A Theory of Everything

"Perhaps most of all, I miss discussing your theories, Nora. Under the spell of love and a dancing fire, our nude bodies warmed by burning oak and afterglow, we explored without telescopes or complicated mathematical formulas. Free radicals, you called us." A short story by Ron Rindo.

Screaming Faces Made of Dots

“I tightened my hold on the snow globe and then slipped it into my pocket. I had never stolen anything before, but I had an idea that the snow globe was meant to be mine—a consolation for the lost bird keychain—that it was a powerful artifact intended to pass from one Hannah to the next. That it had first belonged to the original Hannah, the one who was favored by God.” A new short story from award-winning author Becky Mandelbaum.

Piano Bench

"Right there at one of the long brown tables in the middle of a class I don’t care about, I realize I’m in love with someone from the university, which is funny because being in love with someone from the university is what my husband accuses me of all the time." A short story by Cady Vishniac.

Sol’s Visit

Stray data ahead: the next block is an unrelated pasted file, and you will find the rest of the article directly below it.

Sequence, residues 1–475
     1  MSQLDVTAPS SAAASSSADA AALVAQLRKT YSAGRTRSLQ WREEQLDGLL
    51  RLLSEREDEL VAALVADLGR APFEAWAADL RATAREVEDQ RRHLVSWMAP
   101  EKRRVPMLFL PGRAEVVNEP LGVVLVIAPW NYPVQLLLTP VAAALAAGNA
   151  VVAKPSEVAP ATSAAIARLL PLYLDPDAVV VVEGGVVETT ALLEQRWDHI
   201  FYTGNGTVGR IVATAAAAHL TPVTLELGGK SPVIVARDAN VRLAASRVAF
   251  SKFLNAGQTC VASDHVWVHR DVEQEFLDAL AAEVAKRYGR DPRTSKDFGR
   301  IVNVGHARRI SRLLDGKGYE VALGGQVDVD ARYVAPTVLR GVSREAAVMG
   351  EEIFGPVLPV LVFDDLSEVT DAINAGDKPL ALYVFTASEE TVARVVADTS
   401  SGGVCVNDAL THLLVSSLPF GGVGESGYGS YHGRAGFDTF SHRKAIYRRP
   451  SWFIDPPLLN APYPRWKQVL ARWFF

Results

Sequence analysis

“He was afraid of girls. It didn’t matter how shy or friendly or fat or pretty or plain or desperate the girl was. He was afraid of them all. Then he grew up and his father died and he was still afraid of girls . . ." A short story by Jennifer Anne Moses.

On Privacy

"Having procured the grape leaves, the Whole Foods shopper sat back down next to me on the bed in our married couple pose, lifted the comforter up over himself again, and started munching. . . I was entranced." A short story by Cady Vishniac.

The Children

"The truth is, even now he doesn’t know how or why he’d so abruptly turned his back on his wife and children, forsaken his wedding vows, and broken with Jewish law. It was almost as if he’d been under the influence of a drug." A story by Jennifer Anne Moses.

Matrimonial Agency

She fumbled for the bedside lamp as her husband asked who was it now, for the love of Pete, and what made college students think they could wake up their professors in the middle of the night. She kissed his forehead and told him it was probably one of those wrong numbers again. People should really know better than to drink and dial, she said, knowing that her little joke, like previous attempts at cheerful intimacy, would most likely fall, to use a biblical expression, on uncircumcised ears. He rubbed his nose and mumbled something into his pillow, rolled over and resumed snoring, first softly, like a baby, then with rapidly increasing vigor. She cupped the phone in both hands and whispered a hesitated hello into the receiver.

Revelations

"And the moment I was able to look them / in the eye, they opened theirs, // as surprised as I was to find themselves alive." A new poem from Jon Swan.

Cows

"The problem was excusable, almost: / that they thought there should be a place / in the world that would welcome them. / But why?" A new poem from Steven Kleinman.